March 2

Things you should consider for your AV set-up: Part 1

For any AV set-up, audio plays an equally significant, if not more, role than video. Audio quality determines the depth and intensity of any collaborative experience. When people in a team or from different teams, located in different places, are able to hear each other with clarity and without any glitch, the engagement becomes meaningful and productive. An AV set-up that provides rich audio quality to local as well as remote participants enables a work experience that people find fruitful. On the other hand, if the audio is muffled or difficult to understand from different sources or locations, the collaborative experience becomes an exercise in frustration and disappointment where team members are wastefully tied up with figuring out the audio or other media broadcast rather than the important business issues at hand.

There goes a lot of consideration when designing an AV set-up. The AV integrator or service provider should have the expertise and advanced skills to design and implement an AV solution tailor-made for your specific requirement with the smoothest and enriched audio experience. With that in mind, here is the first and foremost of the many questions to answer when beginning the process of designing and implementing a new AV environment within your organisation.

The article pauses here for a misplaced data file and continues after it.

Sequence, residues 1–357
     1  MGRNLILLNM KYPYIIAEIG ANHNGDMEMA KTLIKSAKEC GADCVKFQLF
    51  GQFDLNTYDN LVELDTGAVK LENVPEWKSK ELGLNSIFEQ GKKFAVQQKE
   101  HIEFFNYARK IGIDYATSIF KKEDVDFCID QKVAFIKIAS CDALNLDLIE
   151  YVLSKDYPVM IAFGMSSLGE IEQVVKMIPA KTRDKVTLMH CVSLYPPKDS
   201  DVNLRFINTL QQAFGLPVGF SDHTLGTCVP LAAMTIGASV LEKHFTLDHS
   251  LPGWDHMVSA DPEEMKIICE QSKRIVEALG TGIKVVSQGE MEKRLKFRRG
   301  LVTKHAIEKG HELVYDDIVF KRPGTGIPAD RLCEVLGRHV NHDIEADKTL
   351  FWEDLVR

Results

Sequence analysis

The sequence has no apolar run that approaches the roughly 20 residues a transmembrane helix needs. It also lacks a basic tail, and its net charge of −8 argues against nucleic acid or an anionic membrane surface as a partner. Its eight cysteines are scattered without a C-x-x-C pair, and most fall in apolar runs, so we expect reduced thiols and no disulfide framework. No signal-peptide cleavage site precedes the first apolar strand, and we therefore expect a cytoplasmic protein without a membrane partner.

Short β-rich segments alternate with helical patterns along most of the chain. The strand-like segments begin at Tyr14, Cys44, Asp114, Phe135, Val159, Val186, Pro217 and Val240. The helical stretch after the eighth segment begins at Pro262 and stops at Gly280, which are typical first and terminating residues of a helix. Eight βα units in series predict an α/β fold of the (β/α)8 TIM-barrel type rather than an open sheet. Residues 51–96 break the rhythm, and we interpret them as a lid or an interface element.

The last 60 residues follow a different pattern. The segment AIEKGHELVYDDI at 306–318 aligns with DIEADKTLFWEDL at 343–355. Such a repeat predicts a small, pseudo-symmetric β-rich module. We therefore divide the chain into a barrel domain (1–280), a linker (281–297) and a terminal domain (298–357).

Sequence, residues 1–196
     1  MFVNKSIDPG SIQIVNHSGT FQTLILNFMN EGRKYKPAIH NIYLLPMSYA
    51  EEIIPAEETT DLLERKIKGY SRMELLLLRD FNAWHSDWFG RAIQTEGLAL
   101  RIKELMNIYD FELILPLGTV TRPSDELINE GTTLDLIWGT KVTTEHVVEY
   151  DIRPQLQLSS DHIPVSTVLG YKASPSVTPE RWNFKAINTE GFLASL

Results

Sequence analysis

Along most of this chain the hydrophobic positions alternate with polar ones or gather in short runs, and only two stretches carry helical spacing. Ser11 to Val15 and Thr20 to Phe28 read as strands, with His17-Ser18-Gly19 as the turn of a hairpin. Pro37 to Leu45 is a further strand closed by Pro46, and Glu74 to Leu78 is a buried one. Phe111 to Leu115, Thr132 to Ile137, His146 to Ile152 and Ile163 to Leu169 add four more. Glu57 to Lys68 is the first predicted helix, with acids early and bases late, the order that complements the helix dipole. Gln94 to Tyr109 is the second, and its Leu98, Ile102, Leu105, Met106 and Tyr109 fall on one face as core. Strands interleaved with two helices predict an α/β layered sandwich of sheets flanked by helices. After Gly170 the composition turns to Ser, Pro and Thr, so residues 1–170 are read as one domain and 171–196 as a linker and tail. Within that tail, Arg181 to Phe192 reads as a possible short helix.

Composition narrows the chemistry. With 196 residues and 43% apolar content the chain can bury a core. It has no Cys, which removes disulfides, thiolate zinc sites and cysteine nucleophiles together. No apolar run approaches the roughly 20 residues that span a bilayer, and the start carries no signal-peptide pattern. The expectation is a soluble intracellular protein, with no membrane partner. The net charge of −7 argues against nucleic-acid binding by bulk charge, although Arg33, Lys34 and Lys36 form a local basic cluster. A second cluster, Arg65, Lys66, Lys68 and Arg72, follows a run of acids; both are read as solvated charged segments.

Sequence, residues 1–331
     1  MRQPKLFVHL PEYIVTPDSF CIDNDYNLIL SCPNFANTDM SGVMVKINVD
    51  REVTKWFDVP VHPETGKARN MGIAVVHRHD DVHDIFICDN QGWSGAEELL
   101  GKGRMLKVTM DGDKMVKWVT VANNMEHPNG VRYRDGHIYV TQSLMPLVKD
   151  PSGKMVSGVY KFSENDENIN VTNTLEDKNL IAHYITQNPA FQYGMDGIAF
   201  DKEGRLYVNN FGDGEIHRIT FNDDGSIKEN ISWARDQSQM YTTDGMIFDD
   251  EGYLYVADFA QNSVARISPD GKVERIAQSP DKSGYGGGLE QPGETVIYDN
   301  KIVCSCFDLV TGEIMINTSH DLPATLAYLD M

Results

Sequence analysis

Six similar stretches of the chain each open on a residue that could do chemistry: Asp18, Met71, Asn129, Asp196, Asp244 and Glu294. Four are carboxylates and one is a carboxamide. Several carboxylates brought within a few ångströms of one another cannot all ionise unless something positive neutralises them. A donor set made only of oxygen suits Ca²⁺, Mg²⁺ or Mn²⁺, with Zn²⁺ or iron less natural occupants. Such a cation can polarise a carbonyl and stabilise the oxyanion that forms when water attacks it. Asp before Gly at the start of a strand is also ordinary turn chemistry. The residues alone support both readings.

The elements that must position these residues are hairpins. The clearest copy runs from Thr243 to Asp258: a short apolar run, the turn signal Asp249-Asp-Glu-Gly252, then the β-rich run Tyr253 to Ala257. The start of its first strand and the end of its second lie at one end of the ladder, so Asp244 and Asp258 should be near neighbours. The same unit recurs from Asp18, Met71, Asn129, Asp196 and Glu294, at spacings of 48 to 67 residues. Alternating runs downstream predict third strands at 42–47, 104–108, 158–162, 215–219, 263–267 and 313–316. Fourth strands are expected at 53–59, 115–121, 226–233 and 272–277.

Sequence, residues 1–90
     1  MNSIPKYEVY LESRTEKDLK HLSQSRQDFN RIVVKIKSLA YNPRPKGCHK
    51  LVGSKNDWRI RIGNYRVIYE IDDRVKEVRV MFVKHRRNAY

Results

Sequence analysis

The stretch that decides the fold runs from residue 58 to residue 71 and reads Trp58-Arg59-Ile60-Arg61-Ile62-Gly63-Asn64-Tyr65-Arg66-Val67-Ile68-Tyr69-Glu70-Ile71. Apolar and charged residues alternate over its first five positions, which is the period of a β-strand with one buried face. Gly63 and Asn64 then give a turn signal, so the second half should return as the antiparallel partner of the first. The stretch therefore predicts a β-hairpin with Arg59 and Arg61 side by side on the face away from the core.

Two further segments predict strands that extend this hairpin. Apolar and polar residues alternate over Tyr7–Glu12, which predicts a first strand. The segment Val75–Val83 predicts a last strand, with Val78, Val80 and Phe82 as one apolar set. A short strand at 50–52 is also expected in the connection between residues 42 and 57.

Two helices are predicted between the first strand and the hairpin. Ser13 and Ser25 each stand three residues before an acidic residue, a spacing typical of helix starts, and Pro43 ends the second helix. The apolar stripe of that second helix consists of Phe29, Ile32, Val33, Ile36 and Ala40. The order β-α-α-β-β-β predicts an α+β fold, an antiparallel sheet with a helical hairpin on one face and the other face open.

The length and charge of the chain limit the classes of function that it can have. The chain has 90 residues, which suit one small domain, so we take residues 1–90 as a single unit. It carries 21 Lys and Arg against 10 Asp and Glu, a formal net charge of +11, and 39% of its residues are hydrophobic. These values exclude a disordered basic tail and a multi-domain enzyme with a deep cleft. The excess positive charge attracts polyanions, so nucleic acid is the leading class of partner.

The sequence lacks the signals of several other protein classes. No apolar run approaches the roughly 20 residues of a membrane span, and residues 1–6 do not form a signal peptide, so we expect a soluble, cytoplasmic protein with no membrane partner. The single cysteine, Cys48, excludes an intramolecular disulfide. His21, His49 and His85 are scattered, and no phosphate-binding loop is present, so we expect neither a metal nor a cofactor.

Watch that buzz around the AV room

This is one deeply consequential part to consider when considering the location or the room for the AV set-up for business communications. Unfortunately, this becomes the least considered factor with most AV integrators and businesses.

So, first things first. Understand the room that has been selected for AV set-up. Take stock of the outside noise that prevails around this room like people on work stations, corridors, proximity to the kitchen, cafeteria, service ducts, lifts, etc. Spend some time in that room to understand the levels of distractions and noise seeping into this room at different hours in the day like in the morning when people are coming in, lunchtime or early evenings when people start leaving.

Read Also: The Role of AV Integrators in the Workplace

Depending on the noise levels audible within the selected room, acoustics of the room have to be planned and designed to dampen the outside noise. In addition to the acoustics of the room, technology has also to be integrated that softens the distracting noise and cancels out the effect of intervening sounds of the lift, phones, alarms, etc., or constant low-decibel hum prevalent outside. Audio technology has become incredibly advanced to provide almost zero distraction and smooth transition between different sources with varying volume levels and background buzz.

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